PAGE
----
As far as new claims volumes are concerned, the DWP continue to publish only the global totals referred to above, leaving other data to be ascertained through Freedom of Information requests.
We have seen already from the MoJ's submission to the House of Commons Justice Committee how they recognise that the number of CRU notified claims for whiplash-related injury remains stable at around 90% of RTA injury claims made. When the data emerges to complete the right hand column on the graph below for 2016/17 it will be interesting to contrast it with the number of new registered claims which we now know stands at 780,324. The current trend at 90% appears well-established.
It is also possible to update the longer term graph showing figures back to 2000/01. The rise between 2005 and 2010 remains obvious. It was over that 5 year period that the number of new RTA claims doubled. There were essentially stable volumes leading up to 2005, and there have been essentially stable volumes since 2010. The point of difference is that the levels of those stable levels are markedly different, the later one being twice as high as the earlier one. It is no doubt this factor of a doubling of volumes in 5 years which underpins the rationale for reform.
Comparison with RTA portal data
The portal data released a month ago allowed us to complete the analysis for the 2016/17 year as shown in the graph above.
As to new RTA injury claims over the last 5 years, the annual average according to the portal is 832,844, and from the CRU data it is 780,834.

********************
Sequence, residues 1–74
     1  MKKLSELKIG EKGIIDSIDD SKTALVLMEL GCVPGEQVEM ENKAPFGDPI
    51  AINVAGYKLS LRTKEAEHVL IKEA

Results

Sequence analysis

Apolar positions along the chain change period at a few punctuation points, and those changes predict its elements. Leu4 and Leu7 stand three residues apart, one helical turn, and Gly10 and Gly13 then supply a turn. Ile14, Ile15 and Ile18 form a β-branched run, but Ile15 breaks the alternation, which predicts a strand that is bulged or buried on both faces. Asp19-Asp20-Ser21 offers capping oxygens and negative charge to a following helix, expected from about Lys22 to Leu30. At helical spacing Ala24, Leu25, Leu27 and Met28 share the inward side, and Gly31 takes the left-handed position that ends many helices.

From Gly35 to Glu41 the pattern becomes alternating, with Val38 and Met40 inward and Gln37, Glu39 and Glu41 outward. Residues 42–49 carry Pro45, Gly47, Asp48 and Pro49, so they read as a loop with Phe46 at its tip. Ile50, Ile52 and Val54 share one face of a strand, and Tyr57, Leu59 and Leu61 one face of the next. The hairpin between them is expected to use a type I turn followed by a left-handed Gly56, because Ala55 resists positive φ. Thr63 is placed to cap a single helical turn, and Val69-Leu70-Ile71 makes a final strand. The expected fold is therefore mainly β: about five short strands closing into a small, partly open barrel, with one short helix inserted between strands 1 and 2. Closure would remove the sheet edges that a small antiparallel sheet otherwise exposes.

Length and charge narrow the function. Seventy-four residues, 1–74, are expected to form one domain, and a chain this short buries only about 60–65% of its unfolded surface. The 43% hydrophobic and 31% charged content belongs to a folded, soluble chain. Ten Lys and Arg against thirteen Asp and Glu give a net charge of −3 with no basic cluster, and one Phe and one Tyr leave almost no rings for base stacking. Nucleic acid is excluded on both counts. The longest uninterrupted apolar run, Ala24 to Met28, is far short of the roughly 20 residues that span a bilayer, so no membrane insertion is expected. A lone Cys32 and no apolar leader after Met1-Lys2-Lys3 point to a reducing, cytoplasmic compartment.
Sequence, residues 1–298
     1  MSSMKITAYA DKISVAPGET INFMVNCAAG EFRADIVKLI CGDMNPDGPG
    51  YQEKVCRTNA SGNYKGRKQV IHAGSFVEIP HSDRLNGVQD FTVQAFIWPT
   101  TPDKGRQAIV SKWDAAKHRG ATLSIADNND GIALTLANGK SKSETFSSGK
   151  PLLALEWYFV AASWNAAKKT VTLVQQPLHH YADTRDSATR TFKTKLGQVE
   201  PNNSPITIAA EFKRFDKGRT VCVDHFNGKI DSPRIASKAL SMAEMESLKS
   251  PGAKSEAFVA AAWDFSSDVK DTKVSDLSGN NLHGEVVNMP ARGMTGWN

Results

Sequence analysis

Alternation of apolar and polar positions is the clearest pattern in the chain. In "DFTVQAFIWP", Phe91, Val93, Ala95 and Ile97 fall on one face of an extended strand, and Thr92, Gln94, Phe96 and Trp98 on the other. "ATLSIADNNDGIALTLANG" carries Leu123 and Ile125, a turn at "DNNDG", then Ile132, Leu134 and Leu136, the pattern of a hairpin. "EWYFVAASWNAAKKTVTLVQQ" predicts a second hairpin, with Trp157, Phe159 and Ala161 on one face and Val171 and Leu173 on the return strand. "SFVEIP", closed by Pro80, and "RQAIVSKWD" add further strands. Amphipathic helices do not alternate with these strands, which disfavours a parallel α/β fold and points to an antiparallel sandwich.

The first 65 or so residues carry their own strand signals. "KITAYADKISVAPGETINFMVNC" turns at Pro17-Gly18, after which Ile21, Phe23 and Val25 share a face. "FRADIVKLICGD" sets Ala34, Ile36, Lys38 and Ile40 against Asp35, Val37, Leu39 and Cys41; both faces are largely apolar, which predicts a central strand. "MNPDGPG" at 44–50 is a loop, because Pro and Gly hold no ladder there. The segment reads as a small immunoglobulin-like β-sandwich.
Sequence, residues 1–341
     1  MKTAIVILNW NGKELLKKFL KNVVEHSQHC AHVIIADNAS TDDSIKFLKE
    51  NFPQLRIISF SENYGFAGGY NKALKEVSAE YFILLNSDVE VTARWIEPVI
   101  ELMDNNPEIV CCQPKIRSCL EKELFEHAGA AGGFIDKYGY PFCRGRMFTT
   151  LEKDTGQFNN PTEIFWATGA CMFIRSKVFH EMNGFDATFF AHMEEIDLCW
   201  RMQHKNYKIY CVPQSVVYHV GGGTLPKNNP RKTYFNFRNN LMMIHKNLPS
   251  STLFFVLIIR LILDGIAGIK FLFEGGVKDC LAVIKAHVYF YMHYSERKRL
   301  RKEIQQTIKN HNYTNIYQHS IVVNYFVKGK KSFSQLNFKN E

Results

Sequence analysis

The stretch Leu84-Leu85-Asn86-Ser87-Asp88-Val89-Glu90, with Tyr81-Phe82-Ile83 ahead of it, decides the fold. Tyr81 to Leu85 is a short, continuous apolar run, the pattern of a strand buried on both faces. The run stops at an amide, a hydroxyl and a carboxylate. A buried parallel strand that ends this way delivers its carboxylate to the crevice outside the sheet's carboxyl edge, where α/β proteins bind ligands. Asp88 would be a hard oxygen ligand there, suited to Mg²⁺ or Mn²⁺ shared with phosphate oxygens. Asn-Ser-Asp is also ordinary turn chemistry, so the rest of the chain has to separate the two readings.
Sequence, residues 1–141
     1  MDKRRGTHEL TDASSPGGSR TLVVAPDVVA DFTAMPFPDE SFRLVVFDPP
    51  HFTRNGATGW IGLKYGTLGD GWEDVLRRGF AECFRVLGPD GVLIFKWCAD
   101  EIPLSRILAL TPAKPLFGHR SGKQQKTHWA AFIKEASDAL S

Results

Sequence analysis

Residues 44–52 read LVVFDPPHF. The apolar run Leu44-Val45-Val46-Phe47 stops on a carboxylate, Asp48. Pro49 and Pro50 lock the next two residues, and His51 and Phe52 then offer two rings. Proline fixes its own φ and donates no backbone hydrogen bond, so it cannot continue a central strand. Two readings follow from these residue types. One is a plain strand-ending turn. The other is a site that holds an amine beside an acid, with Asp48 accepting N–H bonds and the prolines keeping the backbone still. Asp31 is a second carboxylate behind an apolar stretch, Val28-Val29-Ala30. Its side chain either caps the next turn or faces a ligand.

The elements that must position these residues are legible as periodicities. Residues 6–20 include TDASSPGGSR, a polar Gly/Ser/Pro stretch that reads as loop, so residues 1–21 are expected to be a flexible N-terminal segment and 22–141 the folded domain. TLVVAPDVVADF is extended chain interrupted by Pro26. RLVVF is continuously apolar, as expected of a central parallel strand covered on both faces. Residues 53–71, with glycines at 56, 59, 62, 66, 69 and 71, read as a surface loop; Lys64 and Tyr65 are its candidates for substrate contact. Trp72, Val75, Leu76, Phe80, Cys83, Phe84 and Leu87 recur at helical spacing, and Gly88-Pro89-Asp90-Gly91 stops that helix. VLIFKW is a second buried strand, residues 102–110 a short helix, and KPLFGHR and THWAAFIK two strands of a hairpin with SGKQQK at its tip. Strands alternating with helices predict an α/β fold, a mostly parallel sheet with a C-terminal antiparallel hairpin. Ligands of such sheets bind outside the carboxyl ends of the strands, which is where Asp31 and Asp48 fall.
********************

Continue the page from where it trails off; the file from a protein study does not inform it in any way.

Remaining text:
There continues to be a broad correlation between the 2 sets of data even though the yearly averages are around 50,000 apart. Both point to a picture of a high and relatively stable volume of this type of claim, the consequences of which are now well recognised.
The yearly difference between the 2 sets of data has fluctuated, but since the RTA portal matured it has varied from as much as 95,000 to as little as 15,000. This year's difference is well towards the lower end of that scale at less than 17,000.
It may be that it is cases which settle on the basis of a pre-med offer and so are reported to the CRU but which do not need to enter the portal which are part of the explanation. If so, a lower usage rate of that form of settlement over the last 12 months may be at least part of the explanation for the small difference between the 2 sets of figures this year.
Volumes of new PL and EL claims
A similar pattern can be seen with the data for each type of claim. Both showed a reduction in the total of new claims for the 3rd consecutive year, and saw numbers at the lowest level since data has been collected in this format. Both have shown proportionately larger reductions over the last 2 years.